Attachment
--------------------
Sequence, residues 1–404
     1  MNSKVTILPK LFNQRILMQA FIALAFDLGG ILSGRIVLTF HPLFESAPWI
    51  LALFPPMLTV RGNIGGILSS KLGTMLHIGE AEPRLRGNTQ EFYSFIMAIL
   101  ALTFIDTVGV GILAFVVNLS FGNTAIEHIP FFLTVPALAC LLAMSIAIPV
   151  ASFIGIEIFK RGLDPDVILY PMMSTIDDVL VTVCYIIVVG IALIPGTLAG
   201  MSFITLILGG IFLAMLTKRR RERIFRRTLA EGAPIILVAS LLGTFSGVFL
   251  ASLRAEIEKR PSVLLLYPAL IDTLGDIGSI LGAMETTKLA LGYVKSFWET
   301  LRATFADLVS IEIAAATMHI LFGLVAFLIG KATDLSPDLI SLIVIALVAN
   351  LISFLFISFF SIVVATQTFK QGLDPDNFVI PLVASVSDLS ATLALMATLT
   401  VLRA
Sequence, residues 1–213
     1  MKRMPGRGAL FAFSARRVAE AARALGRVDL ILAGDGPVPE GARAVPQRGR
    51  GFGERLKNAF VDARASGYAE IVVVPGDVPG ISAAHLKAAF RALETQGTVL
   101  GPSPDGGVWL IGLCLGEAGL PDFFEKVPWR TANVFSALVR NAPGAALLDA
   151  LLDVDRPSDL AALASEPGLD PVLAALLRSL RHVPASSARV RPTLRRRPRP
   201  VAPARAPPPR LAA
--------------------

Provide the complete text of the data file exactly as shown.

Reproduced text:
Sequence, residues 1–404
     1  MNSKVTILPK LFNQRILMQA FIALAFDLGG ILSGRIVLTF HPLFESAPWI
    51  LALFPPMLTV RGNIGGILSS KLGTMLHIGE AEPRLRGNTQ EFYSFIMAIL
   101  ALTFIDTVGV GILAFVVNLS FGNTAIEHIP FFLTVPALAC LLAMSIAIPV
   151  ASFIGIEIFK RGLDPDVILY PMMSTIDDVL VTVCYIIVVG IALIPGTLAG
   201  MSFITLILGG IFLAMLTKRR RERIFRRTLA EGAPIILVAS LLGTFSGVFL
   251  ASLRAEIEKR PSVLLLYPAL IDTLGDIGSI LGAMETTKLA LGYVKSFWET
   301  LRATFADLVS IEIAAATMHI LFGLVAFLIG KATDLSPDLI SLIVIALVAN
   351  LISFLFISFF SIVVATQTFK QGLDPDNFVI PLVASVSDLS ATLALMATLT
   401  VLRA
Sequence, residues 1–213
     1  MKRMPGRGAL FAFSARRVAE AARALGRVDL ILAGDGPVPE GARAVPQRGR
    51  GFGERLKNAF VDARASGYAE IVVVPGDVPG ISAAHLKAAF RALETQGTVL
   101  GPSPDGGVWL IGLCLGEAGL PDFFEKVPWR TANVFSALVR NAPGAALLDA
   151  LLDVDRPSDL AALASEPGLD PVLAALLRSL RHVPASSARV RPTLRRRPRP
   201  VAPARAPPPR LAA